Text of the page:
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Problems graded: 18.4, 18.9, 19.4 (10 points each); the others were worth
5 points for completion (19.1 counted as two problems). To convert from 60
points to 100, we multiplied everyone’s score by 1.5 (rounding up) and then
added ten points to everyone’s score.
18.4. We deFne
f
:
S
→
R
as follows:
f
(
x
) =
1
x

x
0
. This is continuous
by Theorem 17.4(iii) (the denominator is nonzero in
S
as
x
n
=
x
0
); however,
as
x
n
→
x
0
,

f
(
x
)
 → ∞
(by the limit laws from Section 9); since
{
x
n
}
is a
sequence in
S
,
f
is unbounded.
18.8.
Because the product of zero and any other number is zero while
f
(
a
)
f
(
b
)
<
0, either
f
(
a
)
>
0 (in which case
f
(
b
)
<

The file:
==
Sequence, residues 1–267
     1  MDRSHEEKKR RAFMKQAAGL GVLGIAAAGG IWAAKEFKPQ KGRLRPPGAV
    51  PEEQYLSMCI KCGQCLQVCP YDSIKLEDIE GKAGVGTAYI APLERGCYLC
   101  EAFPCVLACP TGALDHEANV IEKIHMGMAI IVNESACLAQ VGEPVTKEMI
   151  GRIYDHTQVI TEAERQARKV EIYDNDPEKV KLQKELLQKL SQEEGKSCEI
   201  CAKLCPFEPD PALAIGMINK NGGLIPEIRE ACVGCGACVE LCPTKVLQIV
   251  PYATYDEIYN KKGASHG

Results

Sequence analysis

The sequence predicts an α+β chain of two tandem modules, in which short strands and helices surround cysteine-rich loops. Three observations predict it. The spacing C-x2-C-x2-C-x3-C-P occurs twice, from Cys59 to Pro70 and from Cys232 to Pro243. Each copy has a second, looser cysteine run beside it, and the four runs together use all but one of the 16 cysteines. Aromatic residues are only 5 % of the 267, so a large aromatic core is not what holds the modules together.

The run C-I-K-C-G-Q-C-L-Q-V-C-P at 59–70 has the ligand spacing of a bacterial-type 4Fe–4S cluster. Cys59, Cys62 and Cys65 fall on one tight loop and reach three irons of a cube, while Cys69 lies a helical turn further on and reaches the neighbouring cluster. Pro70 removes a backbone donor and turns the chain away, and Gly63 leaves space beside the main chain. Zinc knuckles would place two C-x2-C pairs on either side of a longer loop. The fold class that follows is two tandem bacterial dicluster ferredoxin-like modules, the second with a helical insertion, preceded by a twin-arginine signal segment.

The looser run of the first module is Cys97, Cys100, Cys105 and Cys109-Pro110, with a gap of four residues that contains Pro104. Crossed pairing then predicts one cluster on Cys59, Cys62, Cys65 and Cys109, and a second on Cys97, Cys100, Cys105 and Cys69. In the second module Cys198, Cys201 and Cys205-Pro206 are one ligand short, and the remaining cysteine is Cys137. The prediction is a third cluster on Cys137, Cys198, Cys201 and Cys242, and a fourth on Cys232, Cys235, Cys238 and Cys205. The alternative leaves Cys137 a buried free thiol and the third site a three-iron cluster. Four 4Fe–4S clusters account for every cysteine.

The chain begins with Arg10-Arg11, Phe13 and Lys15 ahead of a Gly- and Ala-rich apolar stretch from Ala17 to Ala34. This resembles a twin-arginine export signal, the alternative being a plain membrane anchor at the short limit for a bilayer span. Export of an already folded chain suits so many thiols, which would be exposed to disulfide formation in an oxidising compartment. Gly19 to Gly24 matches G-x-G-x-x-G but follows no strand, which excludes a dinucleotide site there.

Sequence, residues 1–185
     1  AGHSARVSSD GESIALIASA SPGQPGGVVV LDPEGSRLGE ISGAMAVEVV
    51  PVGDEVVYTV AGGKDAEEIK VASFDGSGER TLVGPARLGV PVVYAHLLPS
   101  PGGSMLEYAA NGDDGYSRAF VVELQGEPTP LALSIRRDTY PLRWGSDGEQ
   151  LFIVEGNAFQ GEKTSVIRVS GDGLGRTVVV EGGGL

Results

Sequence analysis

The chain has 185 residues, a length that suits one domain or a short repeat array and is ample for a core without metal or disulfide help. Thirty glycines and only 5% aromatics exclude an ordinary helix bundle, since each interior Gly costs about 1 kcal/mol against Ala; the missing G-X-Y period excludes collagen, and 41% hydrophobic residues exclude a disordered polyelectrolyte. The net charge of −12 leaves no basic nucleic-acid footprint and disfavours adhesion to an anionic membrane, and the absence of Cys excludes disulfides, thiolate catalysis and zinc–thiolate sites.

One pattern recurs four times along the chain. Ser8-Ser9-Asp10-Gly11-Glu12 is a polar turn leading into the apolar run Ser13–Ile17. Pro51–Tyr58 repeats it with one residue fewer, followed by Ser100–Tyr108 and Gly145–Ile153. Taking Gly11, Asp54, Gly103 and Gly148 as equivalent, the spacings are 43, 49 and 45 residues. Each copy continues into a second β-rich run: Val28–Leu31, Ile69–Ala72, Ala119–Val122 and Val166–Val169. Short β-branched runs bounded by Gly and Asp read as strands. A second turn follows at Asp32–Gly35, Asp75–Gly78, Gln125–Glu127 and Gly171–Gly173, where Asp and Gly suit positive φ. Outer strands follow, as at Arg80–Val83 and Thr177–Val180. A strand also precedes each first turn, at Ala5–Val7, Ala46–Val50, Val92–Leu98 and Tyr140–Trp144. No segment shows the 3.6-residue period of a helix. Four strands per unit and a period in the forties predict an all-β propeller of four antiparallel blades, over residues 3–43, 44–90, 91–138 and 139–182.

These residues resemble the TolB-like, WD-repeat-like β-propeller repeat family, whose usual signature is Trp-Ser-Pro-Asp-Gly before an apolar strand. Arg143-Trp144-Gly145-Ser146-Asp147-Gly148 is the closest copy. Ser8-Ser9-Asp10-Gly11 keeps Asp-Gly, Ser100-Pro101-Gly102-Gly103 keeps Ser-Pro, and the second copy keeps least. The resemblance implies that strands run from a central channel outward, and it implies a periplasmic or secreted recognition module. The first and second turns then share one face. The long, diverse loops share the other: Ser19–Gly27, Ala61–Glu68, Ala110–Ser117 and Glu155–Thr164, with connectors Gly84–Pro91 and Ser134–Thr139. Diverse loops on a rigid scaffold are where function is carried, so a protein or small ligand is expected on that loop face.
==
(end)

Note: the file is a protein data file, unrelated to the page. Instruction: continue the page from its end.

0 so
f
(
b
)
<
0
< f
(
a
))
or
f
(
a
)
<
0 (in which case
f
(
b
)
>
0 so
f
(
a
)
<
0
< f
(
b
)); in any case, 0 is
between
f
(
a
) and
f
(
b
) so the Intermediate Value Theorem states that there
exists
x
∈
(
a, b
) with
f
(
x
) = 0.
18.9. We write
f
(
x
) =
a
0
+
a
1
x
+
. . .
+
a
n
x
n
, where
n
is odd and
a
n
n
= 0.
By dividing by
a
n
(which does not change the location of the roots) we may
suppose
a
n
was originally 1.
Choose
M >

a
0

+
. . .
+

a
n

1

so that
M
is also greater than 1 and note
that the magnitude of the
x
j
term in
f
(
M
) for
j < n
is

a
j

M
j
≤ 
a
j

M
n

1
so,
by the triangle inequality,
f
(
M
)
≥
M
j
+1
−
Σ
n

1
j
=0

a
j

M
j
=
M
j
(
M
−
Σ
n

1
j
=0

a
j

)
>
0
.
Similiarly,
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 Spring '09
 WEISBART

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